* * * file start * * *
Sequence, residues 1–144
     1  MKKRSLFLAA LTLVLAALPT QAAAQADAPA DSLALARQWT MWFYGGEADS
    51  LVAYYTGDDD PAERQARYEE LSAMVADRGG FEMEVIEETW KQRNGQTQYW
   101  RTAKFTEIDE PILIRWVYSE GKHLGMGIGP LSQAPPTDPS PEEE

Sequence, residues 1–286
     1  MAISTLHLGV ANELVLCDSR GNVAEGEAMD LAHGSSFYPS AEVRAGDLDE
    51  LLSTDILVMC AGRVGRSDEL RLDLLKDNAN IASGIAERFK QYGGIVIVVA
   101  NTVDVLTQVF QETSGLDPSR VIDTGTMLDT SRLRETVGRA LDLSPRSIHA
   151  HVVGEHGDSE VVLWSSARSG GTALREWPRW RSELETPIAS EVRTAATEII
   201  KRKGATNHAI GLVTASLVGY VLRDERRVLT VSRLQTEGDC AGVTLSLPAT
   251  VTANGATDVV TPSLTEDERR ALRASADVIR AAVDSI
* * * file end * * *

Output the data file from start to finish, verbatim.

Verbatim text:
Sequence, residues 1–144
     1  MKKRSLFLAA LTLVLAALPT QAAAQADAPA DSLALARQWT MWFYGGEADS
    51  LVAYYTGDDD PAERQARYEE LSAMVADRGG FEMEVIEETW KQRNGQTQYW
   101  RTAKFTEIDE PILIRWVYSE GKHLGMGIGP LSQAPPTDPS PEEE

Sequence, residues 1–286
     1  MAISTLHLGV ANELVLCDSR GNVAEGEAMD LAHGSSFYPS AEVRAGDLDE
    51  LLSTDILVMC AGRVGRSDEL RLDLLKDNAN IASGIAERFK QYGGIVIVVA
   101  NTVDVLTQVF QETSGLDPSR VIDTGTMLDT SRLRETVGRA LDLSPRSIHA
   151  HVVGEHGDSE VVLWSSARSG GTALREWPRW RSELETPIAS EVRTAATEII
   201  KRKGATNHAI GLVTASLVGY VLRDERRVLT VSRLQTEGDC AGVTLSLPAT
   251  VTANGATDVV TPSLTEDERR ALRASADVIR AAVDSI